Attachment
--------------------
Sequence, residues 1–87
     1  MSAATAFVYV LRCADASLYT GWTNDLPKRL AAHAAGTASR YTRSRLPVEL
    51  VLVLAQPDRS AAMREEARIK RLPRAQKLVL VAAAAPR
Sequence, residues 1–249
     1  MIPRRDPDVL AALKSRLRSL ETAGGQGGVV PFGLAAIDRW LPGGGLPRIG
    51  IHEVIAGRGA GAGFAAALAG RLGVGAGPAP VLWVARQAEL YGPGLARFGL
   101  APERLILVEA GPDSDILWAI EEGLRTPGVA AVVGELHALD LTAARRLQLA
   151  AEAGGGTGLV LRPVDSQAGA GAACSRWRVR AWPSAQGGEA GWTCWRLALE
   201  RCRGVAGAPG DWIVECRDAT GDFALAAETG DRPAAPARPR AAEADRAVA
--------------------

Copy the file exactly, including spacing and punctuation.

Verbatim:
Sequence, residues 1–87
     1  MSAATAFVYV LRCADASLYT GWTNDLPKRL AAHAAGTASR YTRSRLPVEL
    51  VLVLAQPDRS AAMREEARIK RLPRAQKLVL VAAAAPR
Sequence, residues 1–249
     1  MIPRRDPDVL AALKSRLRSL ETAGGQGGVV PFGLAAIDRW LPGGGLPRIG
    51  IHEVIAGRGA GAGFAAALAG RLGVGAGPAP VLWVARQAEL YGPGLARFGL
   101  APERLILVEA GPDSDILWAI EEGLRTPGVA AVVGELHALD LTAARRLQLA
   151  AEAGGGTGLV LRPVDSQAGA GAACSRWRVR AWPSAQGGEA GWTCWRLALE
   201  RCRGVAGAPG DWIVECRDAT GDFALAAETG DRPAAPARPR AAEADRAVA